Colorectal cancer, along with its high potential for recurrence and metastasis, is a major health burden. Uncovering proteins and pathways required for tumor cell growth is necessary for the development of novel targeted therapies. Ajuba is a member of the LIM domain family of proteins whose expression is positively associated with numerous cancers. Our data shows that Ajuba is highly expressed in human colon cancer tissue and cell lines. Publicly available data from The Cancer Genome Atlas shows a negative correlation between survival and Ajuba expression in patients with colon cancer. To investigate its function, we transduced SW480 human colon cancer cells, with lentiviral constructs to knockdown or overexpress Ajuba protein. The transcriptome of the modified cell lines was analyzed by RNA sequencing. Among the pathways enriched in the differentially expressed genes, were cell proliferation, migration and differentiation. We confirmed our sequencing data with biological assays; cells depleted of Ajuba were less proliferative, more sensitive to irradiation, migrated less and were less efficient in colony formation. In addition, loss of Ajuba expression decreased the tumor burden in a murine model of colorectal metastasis to the liver. Taken together, our data supports that Ajuba promotes colon cancer growth, migration and metastasis and therefore is a potential candidate for targeted therapy.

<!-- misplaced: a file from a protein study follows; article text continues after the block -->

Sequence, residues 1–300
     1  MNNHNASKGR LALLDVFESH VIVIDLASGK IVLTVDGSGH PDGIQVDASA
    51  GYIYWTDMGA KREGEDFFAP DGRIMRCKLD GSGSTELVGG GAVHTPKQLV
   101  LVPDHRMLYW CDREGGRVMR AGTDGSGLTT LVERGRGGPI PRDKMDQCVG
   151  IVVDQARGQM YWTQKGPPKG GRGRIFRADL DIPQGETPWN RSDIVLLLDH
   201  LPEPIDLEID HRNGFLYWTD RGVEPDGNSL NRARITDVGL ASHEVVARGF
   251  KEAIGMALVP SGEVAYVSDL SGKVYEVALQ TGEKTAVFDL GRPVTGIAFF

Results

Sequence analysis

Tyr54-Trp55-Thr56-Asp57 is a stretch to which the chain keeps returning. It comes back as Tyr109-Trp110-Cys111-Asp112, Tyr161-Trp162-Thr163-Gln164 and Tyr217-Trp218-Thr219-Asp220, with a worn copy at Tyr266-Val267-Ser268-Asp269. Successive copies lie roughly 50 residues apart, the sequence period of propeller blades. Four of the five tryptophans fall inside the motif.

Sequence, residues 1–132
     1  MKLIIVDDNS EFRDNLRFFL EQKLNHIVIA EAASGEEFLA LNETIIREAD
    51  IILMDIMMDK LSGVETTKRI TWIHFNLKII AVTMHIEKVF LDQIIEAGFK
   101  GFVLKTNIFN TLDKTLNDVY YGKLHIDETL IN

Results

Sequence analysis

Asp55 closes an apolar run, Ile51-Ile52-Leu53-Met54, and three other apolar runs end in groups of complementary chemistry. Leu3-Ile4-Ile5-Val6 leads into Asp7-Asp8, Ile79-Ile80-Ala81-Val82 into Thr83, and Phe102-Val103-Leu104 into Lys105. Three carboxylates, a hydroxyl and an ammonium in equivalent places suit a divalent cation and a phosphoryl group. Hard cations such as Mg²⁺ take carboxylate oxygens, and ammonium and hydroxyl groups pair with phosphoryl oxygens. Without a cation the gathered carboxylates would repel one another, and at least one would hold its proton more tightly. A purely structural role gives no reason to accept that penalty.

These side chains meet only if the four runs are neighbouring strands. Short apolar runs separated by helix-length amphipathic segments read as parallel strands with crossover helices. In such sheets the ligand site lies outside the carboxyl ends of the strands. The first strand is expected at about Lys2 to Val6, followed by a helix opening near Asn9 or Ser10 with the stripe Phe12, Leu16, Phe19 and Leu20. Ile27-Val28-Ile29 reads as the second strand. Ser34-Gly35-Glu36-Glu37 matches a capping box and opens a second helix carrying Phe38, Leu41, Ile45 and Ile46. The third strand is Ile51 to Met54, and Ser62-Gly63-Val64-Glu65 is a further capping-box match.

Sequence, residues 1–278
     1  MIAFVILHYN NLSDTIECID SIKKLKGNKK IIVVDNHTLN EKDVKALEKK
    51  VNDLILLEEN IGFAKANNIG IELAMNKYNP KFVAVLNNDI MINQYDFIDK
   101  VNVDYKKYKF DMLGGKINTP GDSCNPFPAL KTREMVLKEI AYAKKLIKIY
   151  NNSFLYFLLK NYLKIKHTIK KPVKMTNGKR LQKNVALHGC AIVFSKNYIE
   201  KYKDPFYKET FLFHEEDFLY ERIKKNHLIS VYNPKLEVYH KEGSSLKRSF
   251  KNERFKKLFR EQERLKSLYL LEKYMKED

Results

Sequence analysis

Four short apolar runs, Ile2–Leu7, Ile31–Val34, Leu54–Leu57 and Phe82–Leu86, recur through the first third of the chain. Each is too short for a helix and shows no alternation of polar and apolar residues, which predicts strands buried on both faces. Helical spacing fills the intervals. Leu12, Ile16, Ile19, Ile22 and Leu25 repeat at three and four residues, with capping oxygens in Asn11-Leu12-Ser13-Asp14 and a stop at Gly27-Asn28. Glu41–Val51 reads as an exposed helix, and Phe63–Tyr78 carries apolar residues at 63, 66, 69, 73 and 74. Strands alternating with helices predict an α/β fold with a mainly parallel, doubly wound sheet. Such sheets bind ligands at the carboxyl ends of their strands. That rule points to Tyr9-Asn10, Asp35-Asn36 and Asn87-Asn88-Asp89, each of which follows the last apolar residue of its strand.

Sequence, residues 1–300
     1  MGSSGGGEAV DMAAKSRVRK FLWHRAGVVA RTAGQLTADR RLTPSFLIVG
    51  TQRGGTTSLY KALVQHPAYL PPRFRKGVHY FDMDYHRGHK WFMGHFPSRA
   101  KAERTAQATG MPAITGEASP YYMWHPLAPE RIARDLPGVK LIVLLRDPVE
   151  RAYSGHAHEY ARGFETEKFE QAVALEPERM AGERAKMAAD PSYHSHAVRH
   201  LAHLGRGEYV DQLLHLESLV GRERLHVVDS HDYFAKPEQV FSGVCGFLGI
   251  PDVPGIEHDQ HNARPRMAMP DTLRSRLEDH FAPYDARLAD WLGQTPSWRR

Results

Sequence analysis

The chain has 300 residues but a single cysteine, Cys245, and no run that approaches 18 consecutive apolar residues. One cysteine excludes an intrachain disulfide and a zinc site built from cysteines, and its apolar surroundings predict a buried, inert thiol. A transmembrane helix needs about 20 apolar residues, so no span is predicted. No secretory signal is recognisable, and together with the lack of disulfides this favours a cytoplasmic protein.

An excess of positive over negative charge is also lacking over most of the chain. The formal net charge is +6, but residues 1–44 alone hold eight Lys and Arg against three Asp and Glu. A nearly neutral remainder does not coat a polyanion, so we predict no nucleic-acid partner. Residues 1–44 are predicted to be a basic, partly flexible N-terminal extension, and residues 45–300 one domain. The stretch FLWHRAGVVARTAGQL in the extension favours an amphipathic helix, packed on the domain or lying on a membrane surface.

Keywords: Ajuba; cell differentiation; metastasis; proliferation.